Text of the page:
The Value of New Year’s Resolutions
It’s that time of year again when people make a long list of resolutions, vowing to change everything they hate about themselves so they can finally be happy . Then, two weeks later, they hate themselves even more for abandoning that long list.
By shifting how and why you create your resolutions, this can finally be the year you initiate – and stick with – positive, healthy change.
First of all, it’s essential that your goal is in complete alignment with your values. If you’ve lived your life “settling,” or doing only what other people ask or expect of you, you might have to work a bit harder to discover exactly what your core values are. Here’s an exercise to help you find out:
- Write at the top of a page in your journal, “What is most important to me?” Don’t judge whatever comes to mind – just jot it down. Abundance, Compassion, Humility, Success, Faith, Justice, Peace, Spirituality, Health, Joy, Purpose…anything that matters to you, write it down.
- Now, spend some time contemplating exactly what each value looks like in your life. For instance, “Success” might mean you are able to live comfortably, and you are surrounded by your loving family and enthusiastic friends. The underlying core values can be “security” and “relationships.”
- After you’ve discovered the deeper core values, select about five that feel the most significant to you.
Now, think of one thing you’d like to shift in your life that reinforces one of your top five core values. Create a realistic, measurable and meaningful goal, and jot down three action steps, with specific dates for completing each step, that will help you achieve that goal.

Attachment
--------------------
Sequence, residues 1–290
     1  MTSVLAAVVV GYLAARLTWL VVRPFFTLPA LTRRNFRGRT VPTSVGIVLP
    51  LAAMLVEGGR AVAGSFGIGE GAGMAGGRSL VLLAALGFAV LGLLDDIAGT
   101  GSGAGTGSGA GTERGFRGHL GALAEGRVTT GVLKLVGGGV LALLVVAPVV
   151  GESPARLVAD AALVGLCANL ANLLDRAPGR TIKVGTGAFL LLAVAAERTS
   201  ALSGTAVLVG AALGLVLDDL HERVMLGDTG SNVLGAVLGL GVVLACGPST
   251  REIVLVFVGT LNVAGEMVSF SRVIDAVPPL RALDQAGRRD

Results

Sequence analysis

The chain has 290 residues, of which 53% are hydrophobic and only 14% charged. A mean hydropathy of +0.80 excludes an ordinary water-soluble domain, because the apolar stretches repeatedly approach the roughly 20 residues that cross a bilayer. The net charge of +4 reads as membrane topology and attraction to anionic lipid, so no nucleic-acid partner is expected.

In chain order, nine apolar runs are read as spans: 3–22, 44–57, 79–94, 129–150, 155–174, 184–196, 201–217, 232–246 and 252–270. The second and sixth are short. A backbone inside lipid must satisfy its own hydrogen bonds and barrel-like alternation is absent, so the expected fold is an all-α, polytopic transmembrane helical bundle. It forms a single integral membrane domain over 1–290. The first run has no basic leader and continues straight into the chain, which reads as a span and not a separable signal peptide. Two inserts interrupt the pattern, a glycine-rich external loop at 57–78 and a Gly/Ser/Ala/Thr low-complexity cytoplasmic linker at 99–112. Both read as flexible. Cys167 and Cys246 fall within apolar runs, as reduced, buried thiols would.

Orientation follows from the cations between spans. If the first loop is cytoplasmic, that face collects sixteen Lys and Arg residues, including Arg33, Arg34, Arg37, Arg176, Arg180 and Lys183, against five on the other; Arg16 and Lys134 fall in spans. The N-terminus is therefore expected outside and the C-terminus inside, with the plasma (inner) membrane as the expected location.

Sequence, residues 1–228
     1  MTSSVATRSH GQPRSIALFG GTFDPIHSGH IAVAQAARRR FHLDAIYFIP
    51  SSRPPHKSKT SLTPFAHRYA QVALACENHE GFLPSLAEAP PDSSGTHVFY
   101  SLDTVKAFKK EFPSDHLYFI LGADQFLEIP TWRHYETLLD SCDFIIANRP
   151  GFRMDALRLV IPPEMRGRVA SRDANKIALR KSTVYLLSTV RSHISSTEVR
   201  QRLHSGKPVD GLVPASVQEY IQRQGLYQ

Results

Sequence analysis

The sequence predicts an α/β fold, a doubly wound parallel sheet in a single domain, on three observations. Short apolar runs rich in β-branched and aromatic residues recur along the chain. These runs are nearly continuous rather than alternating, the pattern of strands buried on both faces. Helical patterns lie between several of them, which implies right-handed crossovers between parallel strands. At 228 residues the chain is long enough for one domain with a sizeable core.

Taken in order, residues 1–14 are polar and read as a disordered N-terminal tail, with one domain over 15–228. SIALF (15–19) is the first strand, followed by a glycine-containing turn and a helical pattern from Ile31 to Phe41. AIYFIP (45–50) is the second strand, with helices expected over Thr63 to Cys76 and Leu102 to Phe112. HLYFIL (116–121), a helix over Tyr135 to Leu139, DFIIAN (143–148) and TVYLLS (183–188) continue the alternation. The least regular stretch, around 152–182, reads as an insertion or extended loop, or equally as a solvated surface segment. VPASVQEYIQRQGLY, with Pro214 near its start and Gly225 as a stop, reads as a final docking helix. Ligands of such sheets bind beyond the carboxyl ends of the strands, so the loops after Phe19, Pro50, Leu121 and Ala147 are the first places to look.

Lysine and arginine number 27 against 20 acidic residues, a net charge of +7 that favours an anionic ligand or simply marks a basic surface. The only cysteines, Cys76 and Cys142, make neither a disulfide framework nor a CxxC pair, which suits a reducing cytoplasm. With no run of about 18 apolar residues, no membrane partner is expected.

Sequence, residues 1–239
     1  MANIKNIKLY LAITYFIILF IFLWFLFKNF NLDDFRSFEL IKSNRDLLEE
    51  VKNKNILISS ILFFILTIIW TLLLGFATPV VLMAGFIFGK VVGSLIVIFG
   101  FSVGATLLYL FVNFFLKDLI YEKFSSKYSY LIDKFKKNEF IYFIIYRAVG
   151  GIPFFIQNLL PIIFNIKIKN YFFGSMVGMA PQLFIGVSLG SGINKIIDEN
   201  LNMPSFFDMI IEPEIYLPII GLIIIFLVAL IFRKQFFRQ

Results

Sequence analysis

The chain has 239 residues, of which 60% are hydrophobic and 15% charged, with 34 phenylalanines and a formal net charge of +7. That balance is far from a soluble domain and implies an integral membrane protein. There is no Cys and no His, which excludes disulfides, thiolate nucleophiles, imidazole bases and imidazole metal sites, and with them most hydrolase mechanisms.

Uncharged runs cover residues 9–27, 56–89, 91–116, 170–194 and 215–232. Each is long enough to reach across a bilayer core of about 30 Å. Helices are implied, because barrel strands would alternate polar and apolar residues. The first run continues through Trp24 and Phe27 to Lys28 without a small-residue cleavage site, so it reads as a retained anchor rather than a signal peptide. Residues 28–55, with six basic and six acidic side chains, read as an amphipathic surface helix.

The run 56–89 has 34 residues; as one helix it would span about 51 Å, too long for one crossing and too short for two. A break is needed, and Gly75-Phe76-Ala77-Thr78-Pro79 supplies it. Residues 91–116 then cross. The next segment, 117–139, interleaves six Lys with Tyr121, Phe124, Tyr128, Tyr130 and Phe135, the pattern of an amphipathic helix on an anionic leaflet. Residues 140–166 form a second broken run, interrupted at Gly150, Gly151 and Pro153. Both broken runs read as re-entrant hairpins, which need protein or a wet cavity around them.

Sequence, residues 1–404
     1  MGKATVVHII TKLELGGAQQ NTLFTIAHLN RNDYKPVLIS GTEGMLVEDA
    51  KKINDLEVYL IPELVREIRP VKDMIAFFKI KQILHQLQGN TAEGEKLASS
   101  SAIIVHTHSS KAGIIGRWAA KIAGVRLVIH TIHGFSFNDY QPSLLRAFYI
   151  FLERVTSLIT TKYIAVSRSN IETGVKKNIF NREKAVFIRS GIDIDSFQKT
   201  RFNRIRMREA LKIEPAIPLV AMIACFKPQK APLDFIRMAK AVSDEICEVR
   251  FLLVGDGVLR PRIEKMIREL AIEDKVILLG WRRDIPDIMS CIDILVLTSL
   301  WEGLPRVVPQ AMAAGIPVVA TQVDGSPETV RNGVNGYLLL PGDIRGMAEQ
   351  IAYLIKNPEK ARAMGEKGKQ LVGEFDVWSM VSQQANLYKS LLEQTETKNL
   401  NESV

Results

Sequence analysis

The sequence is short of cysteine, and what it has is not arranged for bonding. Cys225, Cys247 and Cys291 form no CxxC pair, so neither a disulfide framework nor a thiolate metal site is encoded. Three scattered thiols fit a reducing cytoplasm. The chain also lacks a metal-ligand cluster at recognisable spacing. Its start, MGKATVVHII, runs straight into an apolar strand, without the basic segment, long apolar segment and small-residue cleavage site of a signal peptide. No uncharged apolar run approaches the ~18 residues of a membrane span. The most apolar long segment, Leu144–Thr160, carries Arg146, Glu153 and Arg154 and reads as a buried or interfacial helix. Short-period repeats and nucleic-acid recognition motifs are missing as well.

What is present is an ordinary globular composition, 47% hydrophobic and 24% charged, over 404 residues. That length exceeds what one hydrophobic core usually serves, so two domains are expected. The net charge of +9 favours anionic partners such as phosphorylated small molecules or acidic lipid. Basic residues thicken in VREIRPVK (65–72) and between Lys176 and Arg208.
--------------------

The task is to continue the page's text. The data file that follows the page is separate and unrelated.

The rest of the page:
By choosing a single objective instead of creating an overwhelming long list of resolutions, you’re already setting yourself up for achieving your goal. Making sure that your project resonates with your values at the core level, too, insures that you’ll be able to give it the attention and persistence it requires.
Be patient with yourself, and reward yourself with positive self-talk as you make slow but steady progress towards your goal. Research has shown that celebrating small milestones encourages us to keep plugging away at that objective.
Visual cues can also encourage us to stick with the plan. Post a picture of a happier, healthier you where you can see it daily. Write down your goal at least one time a day, and breathe in the sense of gratitude, satisfaction and pride you’ll feel when you accomplish it. Keeping the end in mind can be a powerful motivator.
Find even more motivation and support at the Optimum Health Institute missions in San Diego and Austin, Texas. Our caring team can help you achieve your mental, physical, emotional and spiritual goals for optimal health in the New Year. Visit our website at www.optimumhealth.org , and call us at (800) 993-4325 to make your reservation.